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2-23-01 - Clomp and Circumstance

Every temp can sense it the moment they walk into a new job.

When they are led through the cubicle maze, they spot it from the corner of their eye.

A cardboard box.  No top.  Manila folders crammed in haphazardly.

Around a corner, a bookcase stands, barely bearing the weight of too many binders.

The dread starts then.

No one will mention it right away.  No one will come right out and say it is your prime directive.  The word will be spoken, but off-handedly, casually.  Yet it will resound in the ears, the heart, and the mind of any temp, no matter how traveled.

"So, you'll be doing some memos, scheduling some meetings, travel arrangements... you know... general office stuff.  If you find time, you know... maybe... maybe some archiving."

Archiving.

Archiving.

Archiving.

It's the worst, and not just for temps.  Everyone hates archiving.  It doesn't seem like it should be that big of a deal, really.  Just put stuff in a box, write down what it is, and stick it somewhere.  But it's something no one wants to do, and will not do unless forced to at gunpoint.  I suppose maybe it's because it's so low priority.  I mean, there's never a rush to archive anything.  No business ever went under because they hadn't put stuff in storage in a timely fashion.

As a temp, I've been in charge of archiving more times than I can count.  Makes sense, really.  I mean, the company is thinking "Let's see... we've got years worth of important documents that we need filed away in this cavernous, boxed-filled room.  Should we ever need these documents again, we'll need to be able to find them quickly and easily, because if something is put in the wrong place, we will never, ever find it again... let's have a complete stranger do it!  A complete stranger, who has no company loyalty, who won't be here in a week, let alone five or ten years when we might have a question about something, a complete stranger who has absolutely nothing to lose by just shoving stuff wherever it's easiest for him at the moment!"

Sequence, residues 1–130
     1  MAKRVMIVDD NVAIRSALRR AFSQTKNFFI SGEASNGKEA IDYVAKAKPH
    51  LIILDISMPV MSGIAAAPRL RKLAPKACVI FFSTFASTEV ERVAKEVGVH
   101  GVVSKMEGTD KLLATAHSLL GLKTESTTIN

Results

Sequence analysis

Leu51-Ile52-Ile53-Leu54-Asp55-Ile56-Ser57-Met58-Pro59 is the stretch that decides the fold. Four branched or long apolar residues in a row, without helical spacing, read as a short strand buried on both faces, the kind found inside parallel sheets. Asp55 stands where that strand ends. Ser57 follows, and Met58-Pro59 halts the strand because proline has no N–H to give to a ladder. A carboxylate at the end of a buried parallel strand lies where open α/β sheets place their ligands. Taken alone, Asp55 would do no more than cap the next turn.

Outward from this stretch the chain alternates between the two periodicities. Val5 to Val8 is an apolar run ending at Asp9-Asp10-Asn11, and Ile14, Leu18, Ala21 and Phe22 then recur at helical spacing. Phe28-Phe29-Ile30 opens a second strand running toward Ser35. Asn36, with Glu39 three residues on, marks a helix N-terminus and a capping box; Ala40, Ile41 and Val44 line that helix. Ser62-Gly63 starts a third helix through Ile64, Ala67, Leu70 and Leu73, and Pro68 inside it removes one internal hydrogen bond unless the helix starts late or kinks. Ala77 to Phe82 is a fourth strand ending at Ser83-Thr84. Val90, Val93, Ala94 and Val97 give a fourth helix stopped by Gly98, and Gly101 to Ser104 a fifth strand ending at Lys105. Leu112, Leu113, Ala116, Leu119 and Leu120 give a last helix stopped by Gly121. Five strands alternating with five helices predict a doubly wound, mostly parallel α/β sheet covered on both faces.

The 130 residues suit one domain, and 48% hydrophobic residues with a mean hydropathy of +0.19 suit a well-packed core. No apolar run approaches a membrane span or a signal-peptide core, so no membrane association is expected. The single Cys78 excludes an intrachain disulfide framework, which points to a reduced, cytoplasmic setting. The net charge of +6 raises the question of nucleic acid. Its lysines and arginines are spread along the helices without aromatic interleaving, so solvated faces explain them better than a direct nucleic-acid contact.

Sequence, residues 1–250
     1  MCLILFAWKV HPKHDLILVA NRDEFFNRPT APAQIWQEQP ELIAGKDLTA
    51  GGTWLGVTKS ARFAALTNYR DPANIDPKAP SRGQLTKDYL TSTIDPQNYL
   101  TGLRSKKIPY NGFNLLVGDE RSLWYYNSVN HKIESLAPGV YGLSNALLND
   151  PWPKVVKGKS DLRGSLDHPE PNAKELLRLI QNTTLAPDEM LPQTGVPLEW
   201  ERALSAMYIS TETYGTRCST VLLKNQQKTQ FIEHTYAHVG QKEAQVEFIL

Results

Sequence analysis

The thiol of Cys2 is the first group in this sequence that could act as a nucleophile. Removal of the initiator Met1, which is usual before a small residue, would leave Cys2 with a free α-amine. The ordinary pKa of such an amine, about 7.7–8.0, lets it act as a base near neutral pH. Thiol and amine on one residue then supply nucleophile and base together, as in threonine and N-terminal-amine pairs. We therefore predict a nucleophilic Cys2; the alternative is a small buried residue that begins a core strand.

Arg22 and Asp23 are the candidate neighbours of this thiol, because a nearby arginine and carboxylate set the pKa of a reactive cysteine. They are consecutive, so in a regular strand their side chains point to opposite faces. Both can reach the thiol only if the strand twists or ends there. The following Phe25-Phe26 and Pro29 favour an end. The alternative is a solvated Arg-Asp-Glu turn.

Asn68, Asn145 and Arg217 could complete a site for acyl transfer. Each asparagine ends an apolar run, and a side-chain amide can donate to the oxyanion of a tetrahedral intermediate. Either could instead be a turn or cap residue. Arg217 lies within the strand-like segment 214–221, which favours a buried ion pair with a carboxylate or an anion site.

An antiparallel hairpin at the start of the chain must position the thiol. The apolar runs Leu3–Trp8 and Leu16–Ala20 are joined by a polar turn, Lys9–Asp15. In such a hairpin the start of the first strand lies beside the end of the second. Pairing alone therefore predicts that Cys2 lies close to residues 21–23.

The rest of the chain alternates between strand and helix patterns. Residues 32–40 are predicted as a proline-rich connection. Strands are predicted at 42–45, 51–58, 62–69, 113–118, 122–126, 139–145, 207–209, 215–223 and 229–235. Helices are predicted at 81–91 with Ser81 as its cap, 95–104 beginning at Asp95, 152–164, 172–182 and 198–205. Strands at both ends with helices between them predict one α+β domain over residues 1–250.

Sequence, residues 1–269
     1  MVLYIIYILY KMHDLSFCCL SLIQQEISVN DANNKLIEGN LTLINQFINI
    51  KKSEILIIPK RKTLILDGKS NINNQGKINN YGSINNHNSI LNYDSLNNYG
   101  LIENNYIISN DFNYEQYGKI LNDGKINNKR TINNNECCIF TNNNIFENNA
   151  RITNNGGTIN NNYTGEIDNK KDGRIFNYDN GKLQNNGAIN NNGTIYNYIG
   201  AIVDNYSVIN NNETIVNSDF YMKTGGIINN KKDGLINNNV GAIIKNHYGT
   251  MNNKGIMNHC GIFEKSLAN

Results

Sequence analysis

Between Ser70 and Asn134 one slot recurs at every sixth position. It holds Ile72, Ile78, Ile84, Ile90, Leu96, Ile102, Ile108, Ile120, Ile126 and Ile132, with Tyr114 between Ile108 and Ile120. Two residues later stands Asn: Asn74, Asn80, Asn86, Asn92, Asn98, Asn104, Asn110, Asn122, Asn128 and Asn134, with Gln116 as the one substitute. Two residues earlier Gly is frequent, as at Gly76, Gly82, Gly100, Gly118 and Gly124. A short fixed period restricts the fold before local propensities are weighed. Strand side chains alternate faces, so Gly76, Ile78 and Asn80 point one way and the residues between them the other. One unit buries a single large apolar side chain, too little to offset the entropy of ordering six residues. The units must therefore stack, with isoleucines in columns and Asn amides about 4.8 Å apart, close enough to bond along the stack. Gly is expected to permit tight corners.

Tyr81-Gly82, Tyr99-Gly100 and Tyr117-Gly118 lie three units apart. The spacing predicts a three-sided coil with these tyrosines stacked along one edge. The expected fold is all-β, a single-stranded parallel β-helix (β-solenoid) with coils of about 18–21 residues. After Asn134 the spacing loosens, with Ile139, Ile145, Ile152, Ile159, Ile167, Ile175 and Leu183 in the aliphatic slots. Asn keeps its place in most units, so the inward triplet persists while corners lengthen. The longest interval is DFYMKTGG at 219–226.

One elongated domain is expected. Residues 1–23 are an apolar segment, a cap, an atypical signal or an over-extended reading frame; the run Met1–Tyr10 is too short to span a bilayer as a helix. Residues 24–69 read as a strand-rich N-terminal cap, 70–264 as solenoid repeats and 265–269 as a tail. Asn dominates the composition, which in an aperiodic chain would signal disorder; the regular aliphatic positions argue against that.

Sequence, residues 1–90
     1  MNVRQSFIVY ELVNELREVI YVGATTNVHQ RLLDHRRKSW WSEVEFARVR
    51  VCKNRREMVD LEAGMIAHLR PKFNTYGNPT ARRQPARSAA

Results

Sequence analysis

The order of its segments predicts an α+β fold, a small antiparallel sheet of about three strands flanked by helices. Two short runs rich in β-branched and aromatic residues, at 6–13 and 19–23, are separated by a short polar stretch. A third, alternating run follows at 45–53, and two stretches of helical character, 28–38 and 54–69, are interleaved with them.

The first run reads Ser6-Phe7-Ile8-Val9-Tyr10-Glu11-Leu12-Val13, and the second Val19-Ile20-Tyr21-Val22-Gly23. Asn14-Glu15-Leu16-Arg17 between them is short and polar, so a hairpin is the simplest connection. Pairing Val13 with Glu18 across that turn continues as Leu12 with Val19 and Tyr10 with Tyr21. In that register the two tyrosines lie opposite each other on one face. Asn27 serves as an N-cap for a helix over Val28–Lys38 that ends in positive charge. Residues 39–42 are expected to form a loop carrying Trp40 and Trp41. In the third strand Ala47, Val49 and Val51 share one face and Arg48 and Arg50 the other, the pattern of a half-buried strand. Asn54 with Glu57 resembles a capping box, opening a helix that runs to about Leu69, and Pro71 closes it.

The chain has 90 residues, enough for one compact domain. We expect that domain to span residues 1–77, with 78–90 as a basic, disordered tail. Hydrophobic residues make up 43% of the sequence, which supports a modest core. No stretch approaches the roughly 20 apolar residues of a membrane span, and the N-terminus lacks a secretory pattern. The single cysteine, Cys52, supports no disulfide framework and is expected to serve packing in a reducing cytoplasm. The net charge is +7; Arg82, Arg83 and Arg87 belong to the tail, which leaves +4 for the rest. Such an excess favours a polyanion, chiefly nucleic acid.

Anyway, archiving means boxes and labels and inventory and musty storage rooms and hefting and lifting and stacking and hoisting.  It also means I am left alone in a big room with boxes and nobody watching me.

My current job has had me archiving this week.  Their storage room is directly above their main offices, so I spent a lot of time up there.  There wasn't really a whole lot of archiving to do, so I took my time, inventing games like "Push the Boxes Around With One Foot" and "Poke Through Old Employee Files" and "Pace In Circles While Imagining Winning Various Writing Awards" and "Sit on a Box and Read a Magazine for an Hour".  All in all, I managed to stretch the whole thing out for about four days.

Today, my supervisor mentioned that she needed to get some archived files, and went upstairs.  This is what I heard:

clomp clomp clomp clomp.  clomp Clomp Clomp CLOMP CLOMP CLOMP CLOMP CLOMP CLOMP.

Oh, jeez.  That's loud.  Is that what I sounded like when I was up there?

CLOMP CLOMP CLOMP CLOMP.

All my pacing, right over their heads.  It must have been deafening!  What did they think I was doing up there?

Then I heard her pull a box across the floor.

skkkkkKKKKKKKKRRRRRRRRRCCCCCHHHHHHHHHHHH.

Gah!  All that half-assed box-pushing with one foot I did!  It must have been obvious I was taking my damn sweet time!

Things were silent for a moment, and then she CLOMPED back downstairs.

Ack!  I sat there on a box for an hour!  All that silence between clomps... it must have been obvious I was doing nothing!

Man.  How embarrassing.  It just goes to show you:  Um... something.  I'm not sure what.

Hey!  We've got a very special week coming up, so make sure you're back here bright and early Monday morning!